A Vietnam veteran anthropologist and an Arnhem Land community have worked together for over 40 years. Don Watson tells their story.

Dr Neville White at Donydji, 1986 Neville White/Ronin Films
Dr Neville White at Donydji, 1986 Neville White/Ronin Films

With The Passion of Private White, Don Watson has written a witty and compassionate book about friendship, Indigenous self-determination and people under stress.

“Private White” is Neville White, an anthropologist and Vietnam veteran who has spent two months a year since 1974 in Arnhem Land, as a guest of Yolngu families residing at the Donydji community.

Watson explains:

For the last forty years, all the Indigenous people of north-east Arnhem Land (Miwatj) have been known as Yolngu – which means “person” or “people” or “human being”. They number about 3000 and all are members of one or other of several dozen intermarrying culturally connected clans.

Review: The Passion of Private White – Don Watson (Scribner)

Yolngu self-determination

Donydji is an experiment in self-determination – that is, in Yolngu choosing the degree and forms of their involvement in Australian institutions. Before his first visit to Donydji, White was told that

alone among the Yolngu clans, the people living here had never left their lands. Here, and only here, would he find a clan whose traditional knowledge was intact.

Two policy changes in the mid-1970s afforded a greater margin of choice for Yolngu, including the residents of Donydji. In 1976, the Fraser government’s Aboriginal Land Rights (Northern Territory) Act gave Yolngu title to the entire Arnhem Land Reserve, including the right to veto mining.

Until 1975, unemployment benefits were not available to remote Aboriginal people (as, in the absence of a local labour market, they were not seen as seeking employment). Without needing a change in legislation, the Department of Social Security decided to make unemployment benefits available to these previously excluded people.

This created a new and substantial income stream for remote communities such as Donydji, and many of them began to avail themselves of it in the form of the Community Development Employment Program. This income relieved them of the pressure to say “yes” to economic development.

Donydji became a permanent camp in 1971. Sitting down at Donydji was driven by the desire of certain Ritharrngu and Wagilak families to safeguard Country from exploration – such as test-drilling that had violated a site in the late 1960s. Donydji is strategically located on a road and an airstrip graded to service mining exploration.

So, to preserve their traditional lands, the families at Donydji have modified their way of life. Erecting shelters and demanding basic services such as schooling and access to manufactured goods, they have become sedentary.

You can learn all this by reading White’s history of Donydji – downloadable (free) from Australian National University Press. He describes some of the consequences of Yolngu becoming sedentary.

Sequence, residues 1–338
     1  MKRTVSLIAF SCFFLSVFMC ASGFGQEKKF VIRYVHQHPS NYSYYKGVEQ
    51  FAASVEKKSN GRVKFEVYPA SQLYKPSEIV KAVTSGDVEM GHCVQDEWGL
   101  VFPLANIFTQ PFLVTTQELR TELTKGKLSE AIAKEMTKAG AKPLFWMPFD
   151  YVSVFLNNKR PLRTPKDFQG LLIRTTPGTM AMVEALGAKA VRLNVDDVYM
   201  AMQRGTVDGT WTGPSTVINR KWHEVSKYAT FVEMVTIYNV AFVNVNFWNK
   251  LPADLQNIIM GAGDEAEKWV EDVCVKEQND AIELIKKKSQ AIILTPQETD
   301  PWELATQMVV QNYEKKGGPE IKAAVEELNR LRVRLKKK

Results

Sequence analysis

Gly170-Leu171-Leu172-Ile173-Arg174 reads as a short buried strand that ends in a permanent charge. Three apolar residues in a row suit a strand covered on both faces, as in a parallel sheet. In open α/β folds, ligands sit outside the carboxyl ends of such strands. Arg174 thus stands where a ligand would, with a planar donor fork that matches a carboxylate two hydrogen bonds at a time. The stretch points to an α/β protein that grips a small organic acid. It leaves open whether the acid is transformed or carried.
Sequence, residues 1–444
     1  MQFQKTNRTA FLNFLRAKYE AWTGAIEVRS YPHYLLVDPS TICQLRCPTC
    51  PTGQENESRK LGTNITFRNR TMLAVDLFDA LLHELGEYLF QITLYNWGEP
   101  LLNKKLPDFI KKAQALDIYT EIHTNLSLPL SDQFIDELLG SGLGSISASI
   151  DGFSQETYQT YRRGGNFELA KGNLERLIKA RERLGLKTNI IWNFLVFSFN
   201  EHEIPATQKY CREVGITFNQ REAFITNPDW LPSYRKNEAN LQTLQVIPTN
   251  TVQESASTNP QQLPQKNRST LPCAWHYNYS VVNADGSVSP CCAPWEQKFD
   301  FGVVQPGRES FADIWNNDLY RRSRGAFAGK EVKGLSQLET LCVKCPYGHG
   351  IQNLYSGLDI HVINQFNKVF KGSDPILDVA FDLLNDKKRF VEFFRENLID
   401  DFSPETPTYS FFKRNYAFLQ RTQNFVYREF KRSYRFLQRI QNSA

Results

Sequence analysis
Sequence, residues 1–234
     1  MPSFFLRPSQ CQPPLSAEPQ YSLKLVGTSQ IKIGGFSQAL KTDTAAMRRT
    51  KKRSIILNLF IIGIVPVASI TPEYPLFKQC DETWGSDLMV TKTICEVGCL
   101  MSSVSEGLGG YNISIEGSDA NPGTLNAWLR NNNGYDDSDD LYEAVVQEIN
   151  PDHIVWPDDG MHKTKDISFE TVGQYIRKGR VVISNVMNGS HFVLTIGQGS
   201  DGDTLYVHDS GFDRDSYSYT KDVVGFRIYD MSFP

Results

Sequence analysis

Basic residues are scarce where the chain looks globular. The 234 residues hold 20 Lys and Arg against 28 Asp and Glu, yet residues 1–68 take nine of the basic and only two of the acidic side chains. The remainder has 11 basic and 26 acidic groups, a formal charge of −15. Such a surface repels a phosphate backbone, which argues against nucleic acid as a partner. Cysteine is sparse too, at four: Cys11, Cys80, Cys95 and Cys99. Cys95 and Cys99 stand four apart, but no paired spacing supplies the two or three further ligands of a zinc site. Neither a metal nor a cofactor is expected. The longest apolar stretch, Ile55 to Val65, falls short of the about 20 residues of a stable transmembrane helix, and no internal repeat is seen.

At Donydji, Yolngu live on a combination of what they can forage and what they can purchase, and they seek whatever material support governments and citizens can offer them. They are gripping their country and they are gripped by it. As well, they are gradually losing some knowledge that had been essential to nomadic foraging.

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An anti-Vietnam War veteran

What Watson brings to this story is his compassionate, sardonic appreciation of White (an old university friend), his Yolngu hosts and the Vietnam veterans who have assembled over many dry seasons as Donydji’s volunteer construction gang. White knows these men because he served with them. So this is not only a book about Yolngu self-determination.

Labelling White “an old-school Australian”, Watson explores his own affinity with this cohort of ageing white men whose troubled bond is their service in a war he experienced only through the antiwar movement. At the same time (and from a greater distance), Watson narrates his experience of getting to know Yolngu, through his many visits to Donydji. Watson’s well-honed and affectionate sense of the absurd flavours every anecdote. But the deeper subject of this book is what binds and divides men.

Neville White grew up in working-class Geelong. His father, Leo White, was a champion boxer and trainer of Aboriginal fighters. Becoming Neville’s friend brought young (“sport-addicted”) Don closer to a milieu he had reverently imagined.

Don and Neville could agree, when they met at university in 1968, that Australia should not be committing troops to Vietnam. But by then, Neville had already served. Accepting conscription (in the third ballot, on September 10 1965) while disputing Australia’s commitment, he had spent the second half of 1967 as an infantryman.

Bonds forged with other soldiers outweighed – in their moral force – Neville’s rejection of Australia’s policy. “He would hardly be the first,” Watson comments, “to fight a war in which he did not believe.” White’s demobilisation was not of his choosing either. The bitter politics of conscription had made it prudent to limit conscripts to two years of service.

His sudden extraction from the battlefield left White feeling like he had deserted his comrades. Coming home was almost as baffling as the fighting itself. “For Neville’s experience of the battlefield the anti-Vietnam War movement had no affirmative words, or sympathy, or respect.”

That sense of failure still agitated White in a December 2021 conversation recounted by Watson. However, by then White had found a way to remake battlefield mateship – annually mobilising several of his old platoon as a volunteer construction gang at Donytji. A day’s hard work – punctuated by “chiacking” – concluded with mutual solicitations, as the men reminded one another to take the medications required to keep post-traumatic stress disorder (PTSD) at bay.

Neville White is thus the hinge connecting the two “tribes” (the Yolngu residents and the visiting Vietnam vets) that annually find common purpose at Donydji.

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At ease with anthropology